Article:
I have in my collection of Kerrville and Kerr County historical items an odd assortment of items, ranging from thousands of photographs, to oddities such as an early telephone switchboard or the corporate seal of a long-closed school for girls.
This week I was going through a part of my collection and found detailed notes prepared by Herbert Oehler, who wrote a history column for this newspaper years ago.
Mr. Oehler was an accountant by training, but he had a real love of local history. In fact, he wrote a personal history of his youth here in Kerr County, called "Hill Country Boy." (Copies are sometimes available at Wolfmueller'sBooks on Earl Garrett Street.)
You can see hints of both of his passions in his notes: they explore a great many subjects, and there are pages of neatly written tables, where information is provided in tabular columns. You can tell in his notes he was an accountant, but you can also see he was an historian.
Years ago, at the Hill Country Preservation Society museum, which was housed in the home of Captain Charles Schreiner on Earl Garrett Street in downtown Kerrville, there was a model of Kerrville as it appeared in 1870. The story goes it had been built by patients at Kerrville's Veterans Administration Hospital, for display during the county's centennial celebration of 1956.
I'll admit I was not among the fans of the old model of Kerrville. Many things about it just didn't seem correct.
Later, when Schreiner University acquired the Charles Schreiner mansion, many of the items which had been on display there were removed from the building. Some of those items were later sold at a sale held in the Union Church.
I don't remember seeing the model of Kerrville at that sale, so I assume it is stored somewhere at Schreiner University.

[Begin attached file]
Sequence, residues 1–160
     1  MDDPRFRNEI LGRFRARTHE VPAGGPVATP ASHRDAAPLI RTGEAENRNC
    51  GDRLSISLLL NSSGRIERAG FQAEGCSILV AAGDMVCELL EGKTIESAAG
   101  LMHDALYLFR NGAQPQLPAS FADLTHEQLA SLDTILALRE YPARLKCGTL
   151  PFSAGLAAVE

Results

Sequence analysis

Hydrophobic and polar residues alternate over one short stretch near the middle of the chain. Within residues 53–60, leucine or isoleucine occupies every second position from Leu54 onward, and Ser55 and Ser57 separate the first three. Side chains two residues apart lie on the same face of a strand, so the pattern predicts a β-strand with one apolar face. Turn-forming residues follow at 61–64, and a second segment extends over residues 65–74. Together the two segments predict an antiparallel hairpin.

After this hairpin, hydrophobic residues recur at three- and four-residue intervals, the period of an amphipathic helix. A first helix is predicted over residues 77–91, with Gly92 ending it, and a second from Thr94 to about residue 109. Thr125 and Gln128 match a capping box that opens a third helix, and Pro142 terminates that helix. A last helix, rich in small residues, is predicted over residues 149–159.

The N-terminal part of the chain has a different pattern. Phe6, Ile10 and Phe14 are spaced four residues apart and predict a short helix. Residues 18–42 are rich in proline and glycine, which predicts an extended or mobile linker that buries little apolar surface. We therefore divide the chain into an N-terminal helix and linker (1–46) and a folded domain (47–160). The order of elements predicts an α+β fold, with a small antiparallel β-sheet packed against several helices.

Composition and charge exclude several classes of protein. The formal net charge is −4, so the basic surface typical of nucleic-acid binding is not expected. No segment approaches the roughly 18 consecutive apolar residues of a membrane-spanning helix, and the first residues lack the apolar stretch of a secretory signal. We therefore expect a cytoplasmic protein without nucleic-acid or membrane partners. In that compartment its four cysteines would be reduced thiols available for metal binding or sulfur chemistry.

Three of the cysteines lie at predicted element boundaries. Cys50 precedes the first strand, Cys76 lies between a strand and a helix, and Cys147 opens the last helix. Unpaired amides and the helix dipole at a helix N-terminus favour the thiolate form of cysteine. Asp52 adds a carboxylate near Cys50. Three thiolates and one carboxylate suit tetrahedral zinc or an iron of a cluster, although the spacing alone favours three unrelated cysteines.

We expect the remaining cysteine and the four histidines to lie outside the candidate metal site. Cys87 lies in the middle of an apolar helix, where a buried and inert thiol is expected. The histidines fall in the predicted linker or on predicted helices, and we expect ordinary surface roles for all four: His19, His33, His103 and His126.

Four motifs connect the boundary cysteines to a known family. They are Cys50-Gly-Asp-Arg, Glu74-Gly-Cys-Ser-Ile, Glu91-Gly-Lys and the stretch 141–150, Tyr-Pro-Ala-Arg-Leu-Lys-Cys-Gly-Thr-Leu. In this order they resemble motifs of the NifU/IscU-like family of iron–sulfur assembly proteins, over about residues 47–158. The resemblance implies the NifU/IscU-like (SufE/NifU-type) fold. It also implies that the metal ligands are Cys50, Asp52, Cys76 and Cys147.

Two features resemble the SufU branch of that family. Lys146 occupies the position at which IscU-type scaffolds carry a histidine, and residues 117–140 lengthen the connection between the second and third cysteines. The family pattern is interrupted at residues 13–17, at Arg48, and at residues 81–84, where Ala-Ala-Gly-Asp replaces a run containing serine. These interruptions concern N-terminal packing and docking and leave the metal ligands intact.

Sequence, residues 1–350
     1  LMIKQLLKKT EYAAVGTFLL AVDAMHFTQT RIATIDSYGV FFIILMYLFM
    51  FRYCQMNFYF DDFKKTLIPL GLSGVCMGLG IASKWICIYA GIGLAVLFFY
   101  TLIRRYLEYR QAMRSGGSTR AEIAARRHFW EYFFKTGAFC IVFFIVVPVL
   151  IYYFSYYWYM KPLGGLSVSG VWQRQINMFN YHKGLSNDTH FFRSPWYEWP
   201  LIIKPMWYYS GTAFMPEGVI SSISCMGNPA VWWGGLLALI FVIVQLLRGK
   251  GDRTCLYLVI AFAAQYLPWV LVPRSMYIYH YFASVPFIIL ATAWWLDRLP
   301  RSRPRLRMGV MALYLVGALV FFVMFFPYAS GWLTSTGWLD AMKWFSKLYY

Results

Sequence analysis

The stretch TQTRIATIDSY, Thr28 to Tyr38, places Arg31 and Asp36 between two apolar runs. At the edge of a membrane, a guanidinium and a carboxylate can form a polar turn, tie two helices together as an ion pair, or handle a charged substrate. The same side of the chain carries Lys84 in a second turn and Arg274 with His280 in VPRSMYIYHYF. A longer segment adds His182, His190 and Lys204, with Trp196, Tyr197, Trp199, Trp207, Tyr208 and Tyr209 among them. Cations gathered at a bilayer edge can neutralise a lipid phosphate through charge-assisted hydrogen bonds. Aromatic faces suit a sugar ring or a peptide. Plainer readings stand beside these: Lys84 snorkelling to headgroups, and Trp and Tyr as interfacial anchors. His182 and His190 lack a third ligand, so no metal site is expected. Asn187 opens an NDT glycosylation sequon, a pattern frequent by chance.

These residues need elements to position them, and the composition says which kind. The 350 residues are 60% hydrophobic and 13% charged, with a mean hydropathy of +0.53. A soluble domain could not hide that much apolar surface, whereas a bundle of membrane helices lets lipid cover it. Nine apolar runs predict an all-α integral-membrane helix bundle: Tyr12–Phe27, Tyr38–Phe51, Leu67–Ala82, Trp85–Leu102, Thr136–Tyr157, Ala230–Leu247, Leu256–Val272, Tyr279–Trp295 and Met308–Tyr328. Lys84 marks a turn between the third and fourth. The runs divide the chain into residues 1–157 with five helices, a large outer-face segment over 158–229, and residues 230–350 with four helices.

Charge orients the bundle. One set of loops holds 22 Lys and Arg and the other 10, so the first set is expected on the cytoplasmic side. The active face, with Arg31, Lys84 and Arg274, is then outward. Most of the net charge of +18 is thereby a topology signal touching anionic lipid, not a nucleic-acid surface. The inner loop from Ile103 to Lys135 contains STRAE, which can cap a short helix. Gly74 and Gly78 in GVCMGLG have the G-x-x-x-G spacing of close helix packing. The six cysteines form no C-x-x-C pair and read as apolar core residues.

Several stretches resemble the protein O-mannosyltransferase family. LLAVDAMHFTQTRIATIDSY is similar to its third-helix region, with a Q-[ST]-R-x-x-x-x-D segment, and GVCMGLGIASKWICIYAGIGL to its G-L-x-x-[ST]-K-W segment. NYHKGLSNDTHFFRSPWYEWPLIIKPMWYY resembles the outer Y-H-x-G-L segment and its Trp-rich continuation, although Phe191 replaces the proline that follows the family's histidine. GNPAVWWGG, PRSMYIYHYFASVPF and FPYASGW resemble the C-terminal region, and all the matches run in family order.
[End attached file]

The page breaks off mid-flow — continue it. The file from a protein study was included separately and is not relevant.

My opinion of the model may change, though, especially as I read through the notes of Herbert Oehler.
Apparently, when the Hill Country Preservation Society began, in the late 1970s, that model of Kerrville in 1870 was part of the planned display. Mr. Oehler was tasked with researching the model and verifying what was shown there.
He was thorough in his research, relying on anecdotal evidence in some cases, and he relies upon the work of Bob Bennett, who wrote a definitive history of Kerr County in 1956.
But Oehler also did extensive research using the county's records of land transactions in the downtown Kerrville area. There are pages of notes on land transactions, recorded in Mr. Oehler's precise hand, which show, block by block, the ownership of land in the downtown area.
And there are two hand drawn maps, too, which show the blocks of downtown as they appeared on the 1956 model, and then a separate map which reflects Oehler's research.
These maps show an area of downtown from the river to the edge of Main Street, and then from just past Clay Street to just past Washington Street (or from about the site of the Butt-Holdsworth Memorial Library to the campus of Notre Dame Catholic Church).
These two maps are very interesting, and show the locations of homes and businesses in Kerrville around 1870. 1870 is an interesting choice: it was just after the Civil War, when the future prosperity of Kerrville was still in doubt. Our community, at that time, was rustic. Very rustic. There were very few people here, and few buildings. The story of our bend in the river had not been written.
Hopefully I'll find where the old model of Kerrville now hides -- and compare it to Mr. Oehler's notes. There might be something there, after all.
Until next week, all the best.
Joe Herring Jr is a Kerrville native who collects historic photographs of Kerrville and Kerr County. Please bring him what you have: he'll scan the images and give you back the originals. This column originally appeared in the Kerrville Daily Times April 25, 2015.